So it seems Hell is moribund as a theological concept, but has it really gone from our lives? In my view, no; Hell is still as hot as ever it was. We have just changed our understanding of it. There is a basic reason why artists have laboured over representations of Hell, far more than of Heaven – why Dante’s Inferno and Botticelli’s accompanying illustrations are so much more memorable than his Paradiso. It is because eternal torment is so much easier to conceptualise than eternal ecstasy. We all know Buddha’s story where the turtle can only tell the fish what land is like in terms of what it is not like; there is nothing in the fish’s experience that could relate to the qualities of land. Heaven and Hell are no different. We can dream up gory fantasies because there is so much gore on earth, but the idea of divine perfection is utterly alien to us. Do the closing lines of Once in Royal David’s City, “All in white shall wait around”, or fluffy pictures of God in the clouds, really do justice to Heaven? Orwell’s famous remark that Heaven would be like “choir practice in a jeweller’s shop” underscores our failure to give a convincing picture of it. Our representations of Hell nowadays are increasingly convincing though. Why? Because they are grounded upon real life. The Chapman brothers’ models “Hell” (destroyed) and its replacement “F*cking Hell” show a grotesque vision of the Hell of the twentieth century – the World Wars, the Sino-Japanese War, Korea, Vietnam, Rwanda, Cambodia, the Balkans. Is not any depiction of the intense sufferings of the last century a depiction of modern Hell? They are as grotesque as Bosch, but represent real, not purely imagined, events.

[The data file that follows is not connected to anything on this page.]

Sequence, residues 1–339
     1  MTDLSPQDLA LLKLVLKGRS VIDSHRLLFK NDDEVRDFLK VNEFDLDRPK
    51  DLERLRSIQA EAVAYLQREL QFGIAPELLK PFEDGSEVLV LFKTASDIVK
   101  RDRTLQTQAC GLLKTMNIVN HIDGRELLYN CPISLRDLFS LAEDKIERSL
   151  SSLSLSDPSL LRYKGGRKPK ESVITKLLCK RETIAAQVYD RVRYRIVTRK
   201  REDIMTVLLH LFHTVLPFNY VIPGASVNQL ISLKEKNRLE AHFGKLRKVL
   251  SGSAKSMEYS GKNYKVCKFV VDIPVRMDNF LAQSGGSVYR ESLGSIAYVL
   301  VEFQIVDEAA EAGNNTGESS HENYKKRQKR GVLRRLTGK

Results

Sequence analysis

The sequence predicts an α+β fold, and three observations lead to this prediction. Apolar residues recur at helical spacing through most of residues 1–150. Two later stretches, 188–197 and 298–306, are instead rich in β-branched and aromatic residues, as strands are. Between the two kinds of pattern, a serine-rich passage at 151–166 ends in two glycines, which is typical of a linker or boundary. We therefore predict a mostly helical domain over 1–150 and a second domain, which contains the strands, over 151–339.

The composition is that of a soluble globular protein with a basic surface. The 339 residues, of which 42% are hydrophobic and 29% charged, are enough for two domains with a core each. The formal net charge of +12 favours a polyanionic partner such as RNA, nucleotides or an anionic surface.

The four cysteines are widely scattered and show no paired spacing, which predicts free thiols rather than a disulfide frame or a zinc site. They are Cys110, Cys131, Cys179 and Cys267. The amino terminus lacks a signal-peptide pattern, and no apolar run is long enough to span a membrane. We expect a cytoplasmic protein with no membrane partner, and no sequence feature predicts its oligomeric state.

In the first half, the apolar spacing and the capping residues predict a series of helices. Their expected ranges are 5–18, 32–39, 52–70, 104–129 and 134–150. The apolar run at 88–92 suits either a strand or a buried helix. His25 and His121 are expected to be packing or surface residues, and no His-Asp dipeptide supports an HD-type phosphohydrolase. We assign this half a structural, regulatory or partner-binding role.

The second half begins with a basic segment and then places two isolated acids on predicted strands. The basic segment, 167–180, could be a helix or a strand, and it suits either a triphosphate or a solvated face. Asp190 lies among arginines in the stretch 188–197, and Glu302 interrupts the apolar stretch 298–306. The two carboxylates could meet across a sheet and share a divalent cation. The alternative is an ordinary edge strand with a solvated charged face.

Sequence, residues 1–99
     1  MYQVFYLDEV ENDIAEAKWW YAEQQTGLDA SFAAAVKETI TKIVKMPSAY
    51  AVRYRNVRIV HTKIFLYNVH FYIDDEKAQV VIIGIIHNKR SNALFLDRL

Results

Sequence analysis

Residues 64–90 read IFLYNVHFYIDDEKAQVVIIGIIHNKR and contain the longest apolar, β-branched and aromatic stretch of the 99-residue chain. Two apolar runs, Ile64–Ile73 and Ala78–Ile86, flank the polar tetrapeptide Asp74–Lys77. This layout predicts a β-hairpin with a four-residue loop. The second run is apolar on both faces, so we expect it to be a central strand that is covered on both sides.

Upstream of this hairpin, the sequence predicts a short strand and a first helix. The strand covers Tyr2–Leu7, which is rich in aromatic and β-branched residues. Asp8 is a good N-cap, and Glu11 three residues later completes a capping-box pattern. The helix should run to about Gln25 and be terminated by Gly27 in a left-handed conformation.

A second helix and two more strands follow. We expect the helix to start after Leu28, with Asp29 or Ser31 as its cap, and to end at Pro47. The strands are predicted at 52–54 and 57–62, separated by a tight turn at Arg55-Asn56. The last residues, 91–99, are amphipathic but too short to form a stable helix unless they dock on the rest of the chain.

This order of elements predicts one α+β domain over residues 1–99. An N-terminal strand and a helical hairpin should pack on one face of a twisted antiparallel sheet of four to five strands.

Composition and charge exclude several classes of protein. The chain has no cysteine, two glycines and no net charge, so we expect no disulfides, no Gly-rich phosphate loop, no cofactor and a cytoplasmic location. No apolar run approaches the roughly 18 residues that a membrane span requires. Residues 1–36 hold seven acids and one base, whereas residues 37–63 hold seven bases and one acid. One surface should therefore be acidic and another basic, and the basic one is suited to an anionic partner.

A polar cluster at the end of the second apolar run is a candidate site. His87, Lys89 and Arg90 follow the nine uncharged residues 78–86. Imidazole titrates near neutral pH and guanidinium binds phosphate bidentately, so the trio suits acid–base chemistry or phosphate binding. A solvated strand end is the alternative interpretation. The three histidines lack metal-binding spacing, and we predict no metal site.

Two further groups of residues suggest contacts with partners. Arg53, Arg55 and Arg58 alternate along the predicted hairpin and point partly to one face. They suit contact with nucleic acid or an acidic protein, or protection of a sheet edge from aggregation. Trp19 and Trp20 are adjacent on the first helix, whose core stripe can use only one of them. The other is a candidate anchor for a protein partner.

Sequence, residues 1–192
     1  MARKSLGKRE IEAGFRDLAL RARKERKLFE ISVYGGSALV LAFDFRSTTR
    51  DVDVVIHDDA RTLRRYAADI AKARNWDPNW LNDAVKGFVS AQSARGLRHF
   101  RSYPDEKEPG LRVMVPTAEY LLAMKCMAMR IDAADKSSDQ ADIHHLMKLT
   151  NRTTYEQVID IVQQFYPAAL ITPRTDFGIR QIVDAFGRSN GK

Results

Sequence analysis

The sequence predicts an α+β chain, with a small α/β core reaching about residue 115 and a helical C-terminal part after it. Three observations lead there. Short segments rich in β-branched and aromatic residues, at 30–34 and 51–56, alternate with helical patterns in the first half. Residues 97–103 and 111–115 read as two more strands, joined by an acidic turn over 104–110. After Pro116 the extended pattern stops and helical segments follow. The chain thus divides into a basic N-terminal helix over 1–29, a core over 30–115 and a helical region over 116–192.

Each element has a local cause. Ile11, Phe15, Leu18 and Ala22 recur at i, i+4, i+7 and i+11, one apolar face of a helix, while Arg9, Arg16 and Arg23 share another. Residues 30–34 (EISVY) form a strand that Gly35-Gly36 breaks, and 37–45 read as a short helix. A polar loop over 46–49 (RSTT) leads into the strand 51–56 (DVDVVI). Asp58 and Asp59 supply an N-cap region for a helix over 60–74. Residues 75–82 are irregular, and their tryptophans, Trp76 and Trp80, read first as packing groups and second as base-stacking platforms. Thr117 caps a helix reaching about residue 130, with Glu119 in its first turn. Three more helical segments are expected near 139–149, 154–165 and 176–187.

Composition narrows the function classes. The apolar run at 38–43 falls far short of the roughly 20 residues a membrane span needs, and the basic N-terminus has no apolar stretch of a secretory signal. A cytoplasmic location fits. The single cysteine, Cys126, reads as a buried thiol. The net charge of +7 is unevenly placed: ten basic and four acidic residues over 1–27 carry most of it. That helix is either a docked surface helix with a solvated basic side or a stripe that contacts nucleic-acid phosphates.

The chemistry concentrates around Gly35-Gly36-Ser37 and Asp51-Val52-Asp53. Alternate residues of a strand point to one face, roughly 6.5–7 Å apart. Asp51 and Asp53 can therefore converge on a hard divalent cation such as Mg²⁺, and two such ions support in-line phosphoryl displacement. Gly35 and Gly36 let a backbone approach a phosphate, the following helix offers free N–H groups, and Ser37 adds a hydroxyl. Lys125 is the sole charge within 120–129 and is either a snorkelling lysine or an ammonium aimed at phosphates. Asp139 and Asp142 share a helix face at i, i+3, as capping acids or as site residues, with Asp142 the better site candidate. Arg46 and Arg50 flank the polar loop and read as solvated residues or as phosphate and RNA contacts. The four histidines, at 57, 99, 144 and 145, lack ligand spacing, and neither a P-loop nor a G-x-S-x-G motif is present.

Thus Hell is still here, just changed. It may no longer be pokers and pitchforks, but nor is it just a component of expletives; it is more than the M25, Oxford Street or when we stub our toe. In the words of extreme Southern evangelicals HELL IS REAL. Well, at least on earth it is. There are endless theological problems with trying to define the after-life; we are ultimately and unavoidably uninformed about what any form of Salvation or Inferno might really be like. We cannot write off Hell as it has some scriptural foundation and does perform a function of justice – is mere absence from God enough of a punishment for Hitler? However it is pointless navel-gazing about Heavens and Hells that we know so little about. The Eastern tradition of focusing on Christ as redeemer seems sensible. God can sort out the details when the time comes, we don’t need to know. I am glad that the speculative fantasies of Dante have lost their theological grip. Blake’s idea that “Good is Heaven. Evil is Hell” is much more helpful. We can choose whether to seek the good or indulge in evil. So let us now concentrate on harrowing the real and challengeable Hells humanity has created – no need to make up any more.
We welcome Max Grodecki, who has agreed to write for Lay Anglicana on an occasional basis. You may remember him from last year’s ‘The Young Apprentice’, where it occurred to us at Lay Anglicana that he might have something to say to our readership. I hope you will agree that this first article more than fulfils that promise.
I have just finished my A-levels at Cranbrook School, Kent and am embarking upon a gap year. During this time I will be applying to university to read theology and travelling as much as possible – from Hong Kong to Canada hopefully. On a work front I am applying to political think tanks and am interested in journalistic opportunities. Despite a somewhat edited appearance on the national television, I am as interested in business as ever – I run two mini-enterprises trading all things collectible. I have spent much time running various charitable groups and think civic engagement is tremendously important. I hope to continue this work in placements at Hub Ventures and Student Hubs. Amongst other things, architecture, singing, theatre, opera, politics, public-speaking and writing are particular enthusiasms of mine. As the above article suggests, matters theological and religious also interest me!